Two Drug Dealer Arrests and 17 Narcotics Crimes at Parliament Last Year: Report

LONDON - FEBRUARY 24: Police officers stand guard outside of Britain's Houses of Parliament on February 24, 2005 in London, England. The Prevention of Terrorism Bill will be further scrutinized by the Commons on Monday before passing to the Lords. Prime Minister Tony Blair has defended his controversial anti-terror proposals …
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Two drug dealers were arrested and 17 narcotics offences took place at the Palace of Westminster in the 12 months to March 2021, according to a freedom of information request.

The figures obtained by The Sun newspaper revealed that as well as the arrest of the two drug dealers on the parliamentary estate, the Metropolitan Police Service arrested eight people for possession of cannabis and five others for the possession of unspecified narcotics.

In total, there were 17 drugs crimes, 25 thefts from giftshops, seven other cases of shoplifting, 36 assaults (mostly against officers at the gates), and 52 cases of threatening letters sent to MPs in the House of Commons, members of the House of Lords, and their staff. Just some 3,000 people are Houses of Parliament pass holders.

Two hundred and two crimes were committed in that twelve-month period in total, and while reported offences were 16 per cent higher in 2018, the recent crimes occurred while the country was under lockdown during the coronavirus pandemic and the parliamentary estate was largely shut, with MPs working at home.

“What is shocking is how much crime was committed given hardly anyone was here,” one parliamentary source told the tabloid.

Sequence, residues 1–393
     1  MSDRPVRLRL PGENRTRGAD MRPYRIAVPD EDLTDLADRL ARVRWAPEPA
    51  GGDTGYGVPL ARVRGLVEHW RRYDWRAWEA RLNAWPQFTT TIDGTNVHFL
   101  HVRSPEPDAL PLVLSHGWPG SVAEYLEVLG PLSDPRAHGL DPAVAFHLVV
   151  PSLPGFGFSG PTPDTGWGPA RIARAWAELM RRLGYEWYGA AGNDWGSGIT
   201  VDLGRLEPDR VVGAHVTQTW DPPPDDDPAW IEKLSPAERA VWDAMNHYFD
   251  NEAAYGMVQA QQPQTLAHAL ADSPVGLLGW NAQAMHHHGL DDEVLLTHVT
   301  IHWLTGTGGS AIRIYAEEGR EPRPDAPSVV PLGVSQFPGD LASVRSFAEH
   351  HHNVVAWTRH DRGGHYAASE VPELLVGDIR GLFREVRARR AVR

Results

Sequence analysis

A parliamentary spokesman responded to the report: “The safety and security of members, their staff and the parliamentary community are an absolute priority. We work closely with the police to ensure members and staff are safe and are able to perform their duties.”

Just last month, The Sun reported that HMP (Her Majesty’s Prison) Coldingley in Surrey launched a drugs probe after a letter sent from Parliament to an inmate had triggered the prison’s drugs detection scanner and was found to have traces of ecstasy.

The letter, allegedly a response to an inmate asking for information from the House of Commons Library, was reportedly sent by a junior official on House of Commons-headed paper in March and franked with the Commons’ postmark, indicating it had been sent from Parliament’s in-house post service.

“It was a very odd case but someone who has handled the letter somewhere along the line could have had enough on their hands for our scanners to pick up,” a prison source told the newspaper.

Recently, leader of the Opposition, Labour’s Keir Starmer, managed to make a drugs-related gaffe when he admitted to being called ‘Special K’ as a child during a trip to the Kellogg’s cereal factory in Greater Manchester.

While the nickname was undoubtedly harmless, media picked up on the fact that Special K is also the slang term for ketamine, an anaesthetic primarily used by veterinarians on animals, but also used illegally by people as a hallucinogen.

Referring to the low-fat cereal, Starmer had said last week: “I’ve been dubbed Special K since I was born. K for Keir.”

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